R. 1:8-1(a). A lack of a written waiver is not a fatal defect, however, as long as defendant waived the jury trial in open court and had a clear understanding of the proceedings. State v. Paolino, 110 N.J. Super. 284, 286 (App. Div.), certif. den., 57 N.J. 127 (1970); Pressler, Current N.J. Court Rules, comment 1.2 on R. 1:8-1 (2008). Defendant's verbal waiver may not represent mere acquiescence on his behalf; his verbalization must consist of an express and understanding waiver. State v. Wyman, 232 N.J. Super. 565, 568 (App. Div. 1989).

In this case, the trial judge conducted a thorough inquiry in open court after defendant's counsel requested a bench trial. The court explained to defendant that he had a right to a jury trial. The judge asked defendant if he wanted a "judge trial" instead. Defendant answered affirmatively. The trial judge asked him once again to confirm this answer, and defendant again responded that he wanted a bench trial. Due to defendant's history of care by mental health professionals, the trial judge went so far as to question defendant's relative in open court. The relative acknowledged that defendant wished to have a bench trial. We also note defendant had recently been tried by a jury in the same county on a different charge. This further supports his understanding of a jury trial and his knowing waiver.

Defendant argues that the trial court erred in allowing the prosecutor's witness to testify after the prosecutor clearly acknowledged there was a violation of a sequestration order. Defendant claims that because one of the two State witnesses violated a sequestration order, the court should have granted a mistrial or taken some other disciplinary action against the State. Where a court has entered a sequestration order, and that order has been violated, the rule is "that in the absence of prejudice to defendant, such a violation does not constitute reversible error." State v. Tillman, 122 N.J. Super. 137, 140 (App. Div.) (citing State v. Smith, 55 N.J. 476, 485 (1969), certif. den., 400 U.S. 949, 91 S.Ct. 232, 27 L.Ed. 2d 256 (1970)), certif. den., 62 N.J. 428 (1973). In considering a remedy for a violation, "fault on the part of the State may be a factor to be considered." Tillman, supra, 122 N.J. at 140.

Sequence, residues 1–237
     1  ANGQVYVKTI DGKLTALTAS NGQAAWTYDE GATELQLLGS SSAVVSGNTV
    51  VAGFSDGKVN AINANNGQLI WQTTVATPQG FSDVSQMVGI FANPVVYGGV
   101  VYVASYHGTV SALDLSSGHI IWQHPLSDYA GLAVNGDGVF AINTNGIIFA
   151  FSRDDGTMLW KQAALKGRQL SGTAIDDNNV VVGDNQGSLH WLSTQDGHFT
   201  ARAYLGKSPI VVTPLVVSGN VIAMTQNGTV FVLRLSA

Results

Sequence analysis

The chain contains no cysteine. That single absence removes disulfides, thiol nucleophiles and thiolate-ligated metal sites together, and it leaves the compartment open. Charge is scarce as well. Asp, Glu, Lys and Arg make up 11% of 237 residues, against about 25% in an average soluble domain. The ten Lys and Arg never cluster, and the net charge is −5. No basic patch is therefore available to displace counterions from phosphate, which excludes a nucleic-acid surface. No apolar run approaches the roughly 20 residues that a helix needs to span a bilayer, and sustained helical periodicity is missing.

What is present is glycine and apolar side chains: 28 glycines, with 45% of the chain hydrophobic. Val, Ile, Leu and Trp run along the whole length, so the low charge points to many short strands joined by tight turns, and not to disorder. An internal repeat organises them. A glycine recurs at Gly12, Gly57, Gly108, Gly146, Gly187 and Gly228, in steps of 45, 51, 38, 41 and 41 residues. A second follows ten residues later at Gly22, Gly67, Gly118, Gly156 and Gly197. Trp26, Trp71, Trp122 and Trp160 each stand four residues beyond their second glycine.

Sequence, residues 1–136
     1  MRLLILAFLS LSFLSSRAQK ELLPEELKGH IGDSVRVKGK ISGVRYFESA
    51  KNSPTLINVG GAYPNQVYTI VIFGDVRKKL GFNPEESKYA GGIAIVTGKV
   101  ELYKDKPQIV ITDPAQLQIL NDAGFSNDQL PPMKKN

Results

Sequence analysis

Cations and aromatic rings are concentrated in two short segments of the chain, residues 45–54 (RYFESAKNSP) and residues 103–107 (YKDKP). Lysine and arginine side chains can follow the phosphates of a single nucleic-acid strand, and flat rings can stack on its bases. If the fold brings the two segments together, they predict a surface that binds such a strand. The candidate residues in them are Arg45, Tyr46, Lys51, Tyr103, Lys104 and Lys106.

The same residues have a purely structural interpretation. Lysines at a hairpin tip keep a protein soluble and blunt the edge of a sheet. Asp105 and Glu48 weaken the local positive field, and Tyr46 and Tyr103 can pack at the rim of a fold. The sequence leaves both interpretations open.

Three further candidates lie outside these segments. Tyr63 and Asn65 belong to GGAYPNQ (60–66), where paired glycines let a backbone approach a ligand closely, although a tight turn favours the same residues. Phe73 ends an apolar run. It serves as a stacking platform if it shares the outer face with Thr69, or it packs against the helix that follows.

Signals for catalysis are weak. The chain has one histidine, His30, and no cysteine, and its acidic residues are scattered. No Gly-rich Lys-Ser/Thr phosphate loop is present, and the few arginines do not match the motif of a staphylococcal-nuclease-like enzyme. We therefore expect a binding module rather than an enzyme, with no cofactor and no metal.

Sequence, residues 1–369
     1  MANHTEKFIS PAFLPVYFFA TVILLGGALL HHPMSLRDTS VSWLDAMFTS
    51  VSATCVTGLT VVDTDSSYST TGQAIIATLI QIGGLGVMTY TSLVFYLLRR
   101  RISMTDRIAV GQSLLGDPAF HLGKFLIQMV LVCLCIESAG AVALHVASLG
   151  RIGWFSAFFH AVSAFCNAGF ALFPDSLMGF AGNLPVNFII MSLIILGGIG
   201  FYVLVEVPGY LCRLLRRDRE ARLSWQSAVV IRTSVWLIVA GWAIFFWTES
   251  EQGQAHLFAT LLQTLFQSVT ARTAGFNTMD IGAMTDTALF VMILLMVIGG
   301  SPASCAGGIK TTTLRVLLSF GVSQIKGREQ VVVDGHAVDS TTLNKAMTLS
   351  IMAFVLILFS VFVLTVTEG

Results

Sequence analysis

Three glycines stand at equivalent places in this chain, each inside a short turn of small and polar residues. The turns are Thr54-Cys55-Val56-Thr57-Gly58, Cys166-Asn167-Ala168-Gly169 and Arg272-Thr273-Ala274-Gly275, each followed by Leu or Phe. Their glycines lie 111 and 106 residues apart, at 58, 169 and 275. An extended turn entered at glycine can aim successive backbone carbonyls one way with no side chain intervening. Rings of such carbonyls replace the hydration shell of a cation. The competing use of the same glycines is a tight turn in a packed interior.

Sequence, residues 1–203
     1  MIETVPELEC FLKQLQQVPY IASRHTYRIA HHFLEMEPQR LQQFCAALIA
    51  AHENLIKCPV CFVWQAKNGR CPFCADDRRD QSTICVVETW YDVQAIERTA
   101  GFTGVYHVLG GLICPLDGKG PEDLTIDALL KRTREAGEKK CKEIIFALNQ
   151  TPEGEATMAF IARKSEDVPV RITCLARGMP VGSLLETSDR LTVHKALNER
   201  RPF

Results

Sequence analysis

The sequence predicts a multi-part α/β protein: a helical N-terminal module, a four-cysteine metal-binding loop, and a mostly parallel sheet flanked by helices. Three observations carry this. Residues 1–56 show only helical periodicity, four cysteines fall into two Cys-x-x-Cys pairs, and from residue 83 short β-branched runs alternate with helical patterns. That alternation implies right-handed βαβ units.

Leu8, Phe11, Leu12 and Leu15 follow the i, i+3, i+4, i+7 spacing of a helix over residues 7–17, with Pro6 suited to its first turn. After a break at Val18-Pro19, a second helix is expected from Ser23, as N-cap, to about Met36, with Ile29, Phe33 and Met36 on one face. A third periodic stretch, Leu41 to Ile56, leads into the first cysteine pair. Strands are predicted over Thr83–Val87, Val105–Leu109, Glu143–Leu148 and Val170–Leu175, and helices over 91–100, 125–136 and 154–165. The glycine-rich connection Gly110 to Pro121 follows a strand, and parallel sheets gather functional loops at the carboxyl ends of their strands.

When such a situation arises, the trial judge should promptly conduct a voir dire out of the presence of the jury in order to ascertain the nature and extent of such violation. He should thereupon determine what remedial action is required, if any, in the light of all the circumstances. In the extraordinary case 'where it appears there is a manifest necessity for the act, or the ends of public justice would otherwise be defeated' (and consequently prejudice cannot be dissipated by other remedial action), the court may grant a mistrial. Under extraordinary circumstances also, the exact nature of which we need not determine here, consideration may be given to the alternative possibility of excluding the testimony of the offending witness. [Id. at 143 (citations omitted) (quoting United States v. Perez, 22 U.S. (9 Wheat.) 579, 6 L.Ed. 165 (1824)).]